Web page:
Pharmaceutical company Parion Sciences and product development firm Cambridge Consultants have developed a new surfing-inspired aerosol delivery system that can help people suffering with cystic fibrosis to get the benefits of saltwater treatment in their homes.

Scientists, after observing surfers with cystic fibrosis (CF), found that the inhaled mist of seawater has a therapeutic effect on the lung problems related with the disease.

The trans-nasal pulmonary aerosol delivery device is believed to have exceeded its predicted performance after assessment in a clinical trial, and now additional devices have been asked to support more clinical trials.

Parion co-founder and chairman Dr Richard Boucher said they have been seen evidence that routine exposure to salt water reduces the number of lung infections in CF patients and leads to fewer hospital admissions, but the challenge was to develop an optimal delivery system.

"We enlisted Cambridge Consultants to design the system, given its track record of creating world firsts in drug delivery device development – and the results have exceeded our expectations," Boucher added.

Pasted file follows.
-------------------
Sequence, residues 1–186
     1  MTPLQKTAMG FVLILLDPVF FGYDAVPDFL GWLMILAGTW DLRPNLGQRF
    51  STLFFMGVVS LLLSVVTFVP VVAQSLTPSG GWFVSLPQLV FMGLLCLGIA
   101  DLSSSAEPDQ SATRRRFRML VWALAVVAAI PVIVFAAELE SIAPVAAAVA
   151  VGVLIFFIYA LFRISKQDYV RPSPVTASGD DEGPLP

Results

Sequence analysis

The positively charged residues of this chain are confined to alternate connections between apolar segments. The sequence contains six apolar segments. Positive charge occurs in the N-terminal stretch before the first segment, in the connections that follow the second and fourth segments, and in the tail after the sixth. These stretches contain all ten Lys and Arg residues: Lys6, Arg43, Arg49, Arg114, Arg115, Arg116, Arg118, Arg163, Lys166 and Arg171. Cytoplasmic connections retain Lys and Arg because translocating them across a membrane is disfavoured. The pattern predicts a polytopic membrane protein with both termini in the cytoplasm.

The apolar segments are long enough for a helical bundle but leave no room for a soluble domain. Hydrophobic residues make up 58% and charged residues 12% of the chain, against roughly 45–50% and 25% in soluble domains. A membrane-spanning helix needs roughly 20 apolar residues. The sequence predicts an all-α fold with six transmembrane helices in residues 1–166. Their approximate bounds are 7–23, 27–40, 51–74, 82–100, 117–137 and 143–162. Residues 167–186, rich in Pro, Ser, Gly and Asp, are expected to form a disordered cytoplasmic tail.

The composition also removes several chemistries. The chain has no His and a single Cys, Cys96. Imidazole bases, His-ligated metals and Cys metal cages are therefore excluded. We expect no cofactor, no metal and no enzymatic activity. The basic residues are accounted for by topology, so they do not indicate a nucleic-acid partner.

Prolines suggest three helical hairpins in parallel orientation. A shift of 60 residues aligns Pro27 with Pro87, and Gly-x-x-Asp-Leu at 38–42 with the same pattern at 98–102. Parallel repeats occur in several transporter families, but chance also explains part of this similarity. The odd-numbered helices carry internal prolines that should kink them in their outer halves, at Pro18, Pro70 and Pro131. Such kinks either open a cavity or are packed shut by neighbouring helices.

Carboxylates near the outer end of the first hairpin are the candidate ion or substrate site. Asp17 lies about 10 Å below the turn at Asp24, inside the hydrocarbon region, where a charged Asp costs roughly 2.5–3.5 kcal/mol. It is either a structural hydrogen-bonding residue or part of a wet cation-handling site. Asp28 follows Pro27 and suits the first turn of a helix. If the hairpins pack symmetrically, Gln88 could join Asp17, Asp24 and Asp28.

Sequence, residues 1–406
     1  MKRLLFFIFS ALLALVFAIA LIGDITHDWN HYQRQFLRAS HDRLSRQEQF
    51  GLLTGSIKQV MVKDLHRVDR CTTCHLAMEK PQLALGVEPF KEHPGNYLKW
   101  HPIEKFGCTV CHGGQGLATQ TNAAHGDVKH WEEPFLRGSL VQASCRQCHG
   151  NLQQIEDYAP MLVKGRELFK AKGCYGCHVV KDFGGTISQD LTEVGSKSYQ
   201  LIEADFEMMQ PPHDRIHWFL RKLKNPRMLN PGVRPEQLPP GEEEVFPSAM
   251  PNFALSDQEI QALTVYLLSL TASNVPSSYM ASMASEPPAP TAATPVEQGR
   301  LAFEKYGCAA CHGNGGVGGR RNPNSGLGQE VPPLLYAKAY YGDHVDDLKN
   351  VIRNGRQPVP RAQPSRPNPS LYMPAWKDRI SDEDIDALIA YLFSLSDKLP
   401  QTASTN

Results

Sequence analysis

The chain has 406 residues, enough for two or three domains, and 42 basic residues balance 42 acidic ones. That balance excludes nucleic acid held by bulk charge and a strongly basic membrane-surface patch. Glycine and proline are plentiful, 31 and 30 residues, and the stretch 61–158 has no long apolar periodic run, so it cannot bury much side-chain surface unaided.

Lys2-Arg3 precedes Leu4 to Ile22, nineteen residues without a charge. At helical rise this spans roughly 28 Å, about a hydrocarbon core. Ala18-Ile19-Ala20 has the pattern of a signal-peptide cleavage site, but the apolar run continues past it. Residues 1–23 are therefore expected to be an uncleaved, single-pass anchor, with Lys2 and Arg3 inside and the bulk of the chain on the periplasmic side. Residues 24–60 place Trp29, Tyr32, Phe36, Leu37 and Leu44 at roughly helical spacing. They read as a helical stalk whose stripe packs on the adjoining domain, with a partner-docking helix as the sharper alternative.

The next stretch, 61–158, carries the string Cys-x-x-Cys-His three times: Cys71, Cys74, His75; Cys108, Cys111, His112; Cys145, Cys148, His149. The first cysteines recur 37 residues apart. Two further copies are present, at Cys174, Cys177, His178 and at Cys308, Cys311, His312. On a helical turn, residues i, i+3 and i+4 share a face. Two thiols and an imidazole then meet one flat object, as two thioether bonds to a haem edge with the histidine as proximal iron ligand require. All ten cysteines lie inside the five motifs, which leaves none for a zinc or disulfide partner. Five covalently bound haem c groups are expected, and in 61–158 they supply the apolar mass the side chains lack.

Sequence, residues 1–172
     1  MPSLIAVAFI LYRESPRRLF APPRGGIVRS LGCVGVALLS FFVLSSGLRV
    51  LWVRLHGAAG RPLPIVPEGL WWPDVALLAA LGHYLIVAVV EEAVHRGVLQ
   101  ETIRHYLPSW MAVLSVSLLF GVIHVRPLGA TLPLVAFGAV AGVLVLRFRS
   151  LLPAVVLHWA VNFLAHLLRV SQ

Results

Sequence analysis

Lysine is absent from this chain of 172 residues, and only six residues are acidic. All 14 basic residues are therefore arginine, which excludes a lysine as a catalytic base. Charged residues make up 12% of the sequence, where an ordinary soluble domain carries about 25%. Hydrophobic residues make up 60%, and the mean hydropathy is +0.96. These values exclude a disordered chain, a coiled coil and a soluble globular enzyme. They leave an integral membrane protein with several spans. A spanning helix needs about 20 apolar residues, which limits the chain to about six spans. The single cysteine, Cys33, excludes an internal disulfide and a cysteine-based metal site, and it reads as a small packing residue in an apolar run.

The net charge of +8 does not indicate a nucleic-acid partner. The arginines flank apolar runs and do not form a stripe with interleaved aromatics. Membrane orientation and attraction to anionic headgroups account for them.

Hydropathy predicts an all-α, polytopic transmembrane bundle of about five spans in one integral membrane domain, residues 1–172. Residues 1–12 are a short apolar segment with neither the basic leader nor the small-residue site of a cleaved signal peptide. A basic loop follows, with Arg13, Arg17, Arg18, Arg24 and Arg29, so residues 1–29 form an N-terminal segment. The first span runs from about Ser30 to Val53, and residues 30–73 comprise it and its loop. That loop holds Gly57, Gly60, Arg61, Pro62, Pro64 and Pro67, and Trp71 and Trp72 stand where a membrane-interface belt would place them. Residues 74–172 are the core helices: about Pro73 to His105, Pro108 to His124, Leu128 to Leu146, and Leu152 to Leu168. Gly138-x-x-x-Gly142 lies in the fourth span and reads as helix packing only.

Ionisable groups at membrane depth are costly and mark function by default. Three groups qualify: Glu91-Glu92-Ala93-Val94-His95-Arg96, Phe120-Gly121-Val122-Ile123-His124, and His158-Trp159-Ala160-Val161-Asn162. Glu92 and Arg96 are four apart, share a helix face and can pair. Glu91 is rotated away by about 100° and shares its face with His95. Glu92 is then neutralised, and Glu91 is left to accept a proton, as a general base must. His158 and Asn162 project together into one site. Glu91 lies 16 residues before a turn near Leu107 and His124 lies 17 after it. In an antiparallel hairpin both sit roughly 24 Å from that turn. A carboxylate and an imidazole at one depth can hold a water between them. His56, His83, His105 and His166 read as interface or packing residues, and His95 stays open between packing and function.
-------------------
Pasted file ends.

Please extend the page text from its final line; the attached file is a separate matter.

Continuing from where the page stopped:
The new nebuliser system allows people suffering with CF to enjoy the benefits of saltwater treatment in their homes overnight while they sleep.

A chronic disease, CF negatively affects the lungs and digestive system of more than 70,000 adults and children across the world.

Several studies have indicated that inhaling the hypertonic saltwater solution reduces the condition in CF patients as it rehydrates the layer of mucus film that lines the lungs.

In addition to conducting human-factor studies, Cambridge Consultants also applied its expertise in fluid dynamics to develop a system that could for eight hours continuously deliver an aerosol mist through the nose.

Cambridge Consultants programme director Matthew Allen said that they recognised the potential of this project that could help CF patients.

"The challenge was to build an aerosol nebuliser system that could be comfortably used by patients overnight – with the saline mist travelling down a long cannula to the sleeping patient without forming the large droplets that often occur in a standard nebuliser system.

"The size of the saline droplets is crucial to the success of the treatment as they need to be small enough to penetrate deep into the lungs."